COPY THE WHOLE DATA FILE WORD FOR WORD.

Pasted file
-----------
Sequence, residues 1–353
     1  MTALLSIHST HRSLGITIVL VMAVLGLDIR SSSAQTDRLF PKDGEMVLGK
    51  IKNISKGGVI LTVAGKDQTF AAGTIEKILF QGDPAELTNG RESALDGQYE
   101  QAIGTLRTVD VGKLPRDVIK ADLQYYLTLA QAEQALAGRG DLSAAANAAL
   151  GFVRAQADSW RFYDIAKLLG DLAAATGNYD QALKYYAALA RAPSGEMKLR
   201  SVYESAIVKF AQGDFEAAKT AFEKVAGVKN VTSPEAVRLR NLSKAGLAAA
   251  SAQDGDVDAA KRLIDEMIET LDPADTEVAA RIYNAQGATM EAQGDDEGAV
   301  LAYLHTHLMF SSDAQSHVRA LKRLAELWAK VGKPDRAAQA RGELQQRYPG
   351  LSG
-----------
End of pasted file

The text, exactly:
Sequence, residues 1–353
     1  MTALLSIHST HRSLGITIVL VMAVLGLDIR SSSAQTDRLF PKDGEMVLGK
    51  IKNISKGGVI LTVAGKDQTF AAGTIEKILF QGDPAELTNG RESALDGQYE
   101  QAIGTLRTVD VGKLPRDVIK ADLQYYLTLA QAEQALAGRG DLSAAANAAL
   151  GFVRAQADSW RFYDIAKLLG DLAAATGNYD QALKYYAALA RAPSGEMKLR
   201  SVYESAIVKF AQGDFEAAKT AFEKVAGVKN VTSPEAVRLR NLSKAGLAAA
   251  SAQDGDVDAA KRLIDEMIET LDPADTEVAA RIYNAQGATM EAQGDDEGAV
   301  LAYLHTHLMF SSDAQSHVRA LKRLAELWAK VGKPDRAAQA RGELQQRYPG
   351  LSG